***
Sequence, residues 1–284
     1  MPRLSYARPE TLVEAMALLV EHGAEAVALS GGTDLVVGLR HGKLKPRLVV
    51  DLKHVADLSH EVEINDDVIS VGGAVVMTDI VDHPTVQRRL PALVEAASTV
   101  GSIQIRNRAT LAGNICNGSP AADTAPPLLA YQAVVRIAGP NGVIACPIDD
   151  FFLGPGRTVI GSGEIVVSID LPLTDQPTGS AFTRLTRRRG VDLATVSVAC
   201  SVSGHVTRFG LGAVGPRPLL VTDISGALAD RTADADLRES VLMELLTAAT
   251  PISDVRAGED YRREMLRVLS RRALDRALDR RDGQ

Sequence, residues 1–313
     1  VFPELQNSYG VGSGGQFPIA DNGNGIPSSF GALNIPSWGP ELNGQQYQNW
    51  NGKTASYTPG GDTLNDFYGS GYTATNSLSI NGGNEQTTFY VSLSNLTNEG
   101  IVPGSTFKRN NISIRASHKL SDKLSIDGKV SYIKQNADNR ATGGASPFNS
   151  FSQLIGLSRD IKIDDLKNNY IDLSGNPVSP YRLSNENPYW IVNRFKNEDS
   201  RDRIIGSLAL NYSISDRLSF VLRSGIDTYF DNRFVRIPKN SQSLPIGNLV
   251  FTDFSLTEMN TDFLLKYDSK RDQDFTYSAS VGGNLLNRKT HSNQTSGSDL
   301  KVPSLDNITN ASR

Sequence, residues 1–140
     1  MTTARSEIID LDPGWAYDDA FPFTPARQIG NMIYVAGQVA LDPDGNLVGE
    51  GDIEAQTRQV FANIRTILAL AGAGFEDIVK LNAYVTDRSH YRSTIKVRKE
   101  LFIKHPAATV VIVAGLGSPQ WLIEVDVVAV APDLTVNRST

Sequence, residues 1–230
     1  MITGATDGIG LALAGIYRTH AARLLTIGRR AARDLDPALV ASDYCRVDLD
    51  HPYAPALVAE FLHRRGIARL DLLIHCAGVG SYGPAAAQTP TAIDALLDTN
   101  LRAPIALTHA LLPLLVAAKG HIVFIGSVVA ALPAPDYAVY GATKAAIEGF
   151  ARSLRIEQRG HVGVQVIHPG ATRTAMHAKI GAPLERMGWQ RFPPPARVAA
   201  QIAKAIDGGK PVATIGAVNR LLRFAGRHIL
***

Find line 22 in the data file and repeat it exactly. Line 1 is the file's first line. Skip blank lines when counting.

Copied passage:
    51  HPYAPALVAE FLHRRGIARL DLLIHCAGVG SYGPAAAQTP TAIDALLDTN